For example, Joe Cortright, founder of Portland-based Impresa, Inc., gathered the price information for 90,000 recently sold existing housing units in 15 metro areas across the country. Cortright then rated each property using the 100-point system created by WalkScore.com, which scores properties based on the number of amenities like schools, parks, or grocery stores that are within walking distance.
He found that in 13 of 15 metro areas, a property’s Walk Score adds $500 to $3,000 to the selling price compared a similar house in a less pedestrian-friendly place.
The relatively strong demand for densely developed, urban-style neighborhoods is also shown by the market value of condominiums, which by definition fit more housing onto an acre than a subdivision of single-family homes. Condos are holding their value significantly better in the crash than the broader housing markets in all five metropolitan areas where data has been collected, according to Standard & Poor’s Case-Shiller Home Price Indices, one of the most-quoted data sources on the housing boom and the bust that followed.
In the New York City metro area, the condo index stood at 199 in July 2010—25 points above the rest of the market. In the Los Angeles area, the condo index was more than a dozen points above the area's broader housing index. Case-Shiller starts at 100 in January 2000 for both condos and the general housing market. The condo markets in the remaining three cities in the condo index, San Francisco, Boston, and the condo boom and bust town of Chicago, .were all roughly five percent ahead of the broader housing market.
The high cost of transportation may be fueling this change in buyer preferences, as home buyers find the cost of driving to homes on the suburban fringe eats up much of the savings of buying in the exurbs. For example, on the northeastern edge of the San Francisco Bay Area, average Solano County residents pay $14,914 a year on transportation, compared to $9,501 in San Francisco County, according to “Bay Area Burden,” a report from the Urban Land Institute.
“Solano County has both the lowest housing costs and the highest transportation costs in the Bay Area,” says the report.
In the era of urban decline, riot-scarred cities like New York, Chicago, and Philadelphia fought for decades against the loss of their population and industry. They developed a broad array of tools to rebuild their housing and capture demand from new residents.
However, cities had other resources to help in the fight, including corporate headquarters, universities, mass transit, museums, and in many cases a sturdy housing stock of brick and stone.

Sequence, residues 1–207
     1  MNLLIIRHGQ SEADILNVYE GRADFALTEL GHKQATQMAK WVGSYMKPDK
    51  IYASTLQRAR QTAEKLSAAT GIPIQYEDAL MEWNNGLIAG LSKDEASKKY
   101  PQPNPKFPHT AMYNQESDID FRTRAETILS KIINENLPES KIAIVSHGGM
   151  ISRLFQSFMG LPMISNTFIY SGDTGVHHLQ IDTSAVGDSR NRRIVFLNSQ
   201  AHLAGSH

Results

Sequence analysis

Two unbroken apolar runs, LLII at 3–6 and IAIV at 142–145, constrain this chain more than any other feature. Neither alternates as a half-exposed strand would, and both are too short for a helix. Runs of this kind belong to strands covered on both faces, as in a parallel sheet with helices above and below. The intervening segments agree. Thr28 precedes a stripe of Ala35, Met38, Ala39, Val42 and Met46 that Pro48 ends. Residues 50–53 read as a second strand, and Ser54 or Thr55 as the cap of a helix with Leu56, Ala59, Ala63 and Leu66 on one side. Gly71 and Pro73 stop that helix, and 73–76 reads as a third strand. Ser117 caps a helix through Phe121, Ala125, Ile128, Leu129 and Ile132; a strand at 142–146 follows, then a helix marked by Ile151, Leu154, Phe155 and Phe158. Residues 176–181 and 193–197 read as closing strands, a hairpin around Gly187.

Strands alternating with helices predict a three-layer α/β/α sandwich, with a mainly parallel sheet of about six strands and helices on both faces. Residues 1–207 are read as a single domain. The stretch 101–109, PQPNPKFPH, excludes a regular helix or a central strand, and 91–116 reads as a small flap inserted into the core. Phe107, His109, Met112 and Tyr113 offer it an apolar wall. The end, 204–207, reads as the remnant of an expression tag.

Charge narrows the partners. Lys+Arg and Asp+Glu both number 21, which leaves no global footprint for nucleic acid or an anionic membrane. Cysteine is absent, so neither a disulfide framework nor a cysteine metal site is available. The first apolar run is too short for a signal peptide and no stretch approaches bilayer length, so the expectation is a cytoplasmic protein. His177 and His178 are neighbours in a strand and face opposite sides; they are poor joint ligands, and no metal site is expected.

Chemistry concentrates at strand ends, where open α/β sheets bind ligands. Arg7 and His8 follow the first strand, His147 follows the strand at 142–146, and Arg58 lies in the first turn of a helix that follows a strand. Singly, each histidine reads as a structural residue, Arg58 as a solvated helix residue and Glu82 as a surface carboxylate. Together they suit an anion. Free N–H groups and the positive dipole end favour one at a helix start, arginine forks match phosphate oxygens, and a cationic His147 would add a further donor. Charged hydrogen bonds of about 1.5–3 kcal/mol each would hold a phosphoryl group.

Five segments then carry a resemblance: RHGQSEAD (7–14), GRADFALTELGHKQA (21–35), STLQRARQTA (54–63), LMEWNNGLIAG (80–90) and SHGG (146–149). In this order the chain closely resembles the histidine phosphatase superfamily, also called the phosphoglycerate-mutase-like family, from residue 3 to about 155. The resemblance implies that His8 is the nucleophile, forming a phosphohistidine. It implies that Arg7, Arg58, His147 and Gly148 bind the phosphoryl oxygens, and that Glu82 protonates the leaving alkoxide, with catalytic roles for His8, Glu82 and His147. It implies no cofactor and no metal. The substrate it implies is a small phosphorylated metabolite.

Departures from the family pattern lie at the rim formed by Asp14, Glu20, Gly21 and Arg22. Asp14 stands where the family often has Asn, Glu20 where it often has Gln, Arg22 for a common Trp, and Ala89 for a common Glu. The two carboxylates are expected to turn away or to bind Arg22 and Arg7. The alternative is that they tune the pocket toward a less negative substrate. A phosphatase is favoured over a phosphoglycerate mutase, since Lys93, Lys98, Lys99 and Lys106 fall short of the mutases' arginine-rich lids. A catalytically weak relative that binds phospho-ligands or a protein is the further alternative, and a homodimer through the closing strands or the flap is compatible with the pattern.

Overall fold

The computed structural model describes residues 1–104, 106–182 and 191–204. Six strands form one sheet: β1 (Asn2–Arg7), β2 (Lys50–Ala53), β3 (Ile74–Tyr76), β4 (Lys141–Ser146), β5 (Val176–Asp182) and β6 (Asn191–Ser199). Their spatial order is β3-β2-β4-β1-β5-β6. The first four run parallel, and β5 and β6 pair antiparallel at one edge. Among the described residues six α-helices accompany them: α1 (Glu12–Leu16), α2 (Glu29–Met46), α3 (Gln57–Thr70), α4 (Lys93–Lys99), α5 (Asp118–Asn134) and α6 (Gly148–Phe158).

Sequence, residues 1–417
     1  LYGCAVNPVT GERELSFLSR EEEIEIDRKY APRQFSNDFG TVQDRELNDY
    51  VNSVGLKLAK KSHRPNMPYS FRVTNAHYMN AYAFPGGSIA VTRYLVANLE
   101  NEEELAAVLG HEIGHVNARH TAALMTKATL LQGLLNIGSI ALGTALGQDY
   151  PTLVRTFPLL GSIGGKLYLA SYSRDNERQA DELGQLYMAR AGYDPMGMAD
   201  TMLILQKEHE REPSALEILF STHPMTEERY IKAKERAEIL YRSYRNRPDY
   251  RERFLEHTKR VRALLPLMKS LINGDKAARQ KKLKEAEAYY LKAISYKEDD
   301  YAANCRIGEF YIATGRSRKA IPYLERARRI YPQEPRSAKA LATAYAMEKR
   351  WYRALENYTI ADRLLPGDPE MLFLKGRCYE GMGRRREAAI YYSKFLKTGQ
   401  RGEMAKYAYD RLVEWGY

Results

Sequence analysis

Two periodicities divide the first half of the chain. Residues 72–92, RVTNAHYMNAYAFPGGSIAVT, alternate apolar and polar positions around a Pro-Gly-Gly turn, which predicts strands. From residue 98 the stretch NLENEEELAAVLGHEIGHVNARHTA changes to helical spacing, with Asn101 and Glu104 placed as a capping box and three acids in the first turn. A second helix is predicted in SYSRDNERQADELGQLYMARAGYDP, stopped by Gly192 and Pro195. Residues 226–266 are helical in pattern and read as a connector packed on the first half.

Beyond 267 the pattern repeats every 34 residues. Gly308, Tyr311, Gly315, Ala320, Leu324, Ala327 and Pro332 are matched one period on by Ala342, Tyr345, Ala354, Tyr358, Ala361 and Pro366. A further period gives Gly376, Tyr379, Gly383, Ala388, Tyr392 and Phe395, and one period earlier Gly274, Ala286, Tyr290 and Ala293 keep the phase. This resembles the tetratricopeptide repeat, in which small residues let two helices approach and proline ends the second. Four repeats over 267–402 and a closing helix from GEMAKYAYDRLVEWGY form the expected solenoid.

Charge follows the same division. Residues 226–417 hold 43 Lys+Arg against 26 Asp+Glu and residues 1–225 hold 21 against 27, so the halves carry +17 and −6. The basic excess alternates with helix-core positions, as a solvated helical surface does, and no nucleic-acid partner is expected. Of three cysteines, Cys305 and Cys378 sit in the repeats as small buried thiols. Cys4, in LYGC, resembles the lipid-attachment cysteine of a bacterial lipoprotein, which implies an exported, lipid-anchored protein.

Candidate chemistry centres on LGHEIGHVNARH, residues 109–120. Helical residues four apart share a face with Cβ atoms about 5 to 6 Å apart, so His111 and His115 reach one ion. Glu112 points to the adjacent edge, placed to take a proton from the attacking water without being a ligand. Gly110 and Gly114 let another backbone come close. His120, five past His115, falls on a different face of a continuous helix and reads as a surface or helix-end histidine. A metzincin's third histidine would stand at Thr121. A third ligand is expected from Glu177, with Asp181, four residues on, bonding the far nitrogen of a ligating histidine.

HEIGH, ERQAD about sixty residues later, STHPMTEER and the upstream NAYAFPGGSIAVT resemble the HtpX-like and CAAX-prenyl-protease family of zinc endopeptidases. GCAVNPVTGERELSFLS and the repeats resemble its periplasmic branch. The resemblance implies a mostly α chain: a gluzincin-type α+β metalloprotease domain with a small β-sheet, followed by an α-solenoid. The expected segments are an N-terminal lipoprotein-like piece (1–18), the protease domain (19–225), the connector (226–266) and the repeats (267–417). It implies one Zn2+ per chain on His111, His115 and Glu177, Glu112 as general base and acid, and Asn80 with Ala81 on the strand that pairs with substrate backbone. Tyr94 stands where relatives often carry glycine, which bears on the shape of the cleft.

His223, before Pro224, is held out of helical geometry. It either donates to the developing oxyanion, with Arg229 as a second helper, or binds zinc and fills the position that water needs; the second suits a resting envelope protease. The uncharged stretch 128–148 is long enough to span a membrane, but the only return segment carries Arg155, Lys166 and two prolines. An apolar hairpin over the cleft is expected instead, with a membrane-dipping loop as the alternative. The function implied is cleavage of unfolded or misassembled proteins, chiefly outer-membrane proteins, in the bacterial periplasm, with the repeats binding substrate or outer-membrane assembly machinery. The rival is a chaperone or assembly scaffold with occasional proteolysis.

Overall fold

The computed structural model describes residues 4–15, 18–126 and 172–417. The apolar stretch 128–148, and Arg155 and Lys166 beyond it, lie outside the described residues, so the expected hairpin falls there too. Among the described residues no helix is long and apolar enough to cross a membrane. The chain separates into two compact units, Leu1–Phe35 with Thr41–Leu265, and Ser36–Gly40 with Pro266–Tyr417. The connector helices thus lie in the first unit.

Sprawl towns may prove much more vulnerable to falling demand for their homes. As much as 90% of a suburban municipal budget can come from the property taxes paid by homeowners. As home values decline, the ability of a suburban town to maintain its infrastructure and provide basic police and fire services declines too. Many exurban places are already difficult to police because their subdivisions of homes are so far apart from each other. When a town is forced to fire officers in a budget crisis, this difficult task becomes even harder.
“Bedroom communities are very fragile places,” says Christopher Leinberger, a visiting fellow with the Brookings Institution. “It’s a monoculture.”
Sprawl towns may eventually be redeveloped into communities that mix employment centers, mass transit, and housing at a variety of price points around new downtowns, says Leinberger. Affordable housing developers can play a productive role in this process, just as they played a role in rebuilding housing markets in many blighted urban neighborhoods.
“Empty houses on the ex-urban fringe might become the next generation of affordable housing for multiple households,” says the University of Utah’s Nelson. However, in the short-term, Nelson worries empty houses may be reused in ways that local officials are not prepared to support or adapt to. Speculators may have already begun to divide some large homes into improvised single-room occupancy apartment buildings, according to Nelson.
Bendix Anderson regularly writes for the Partnership for Sustainable Communities.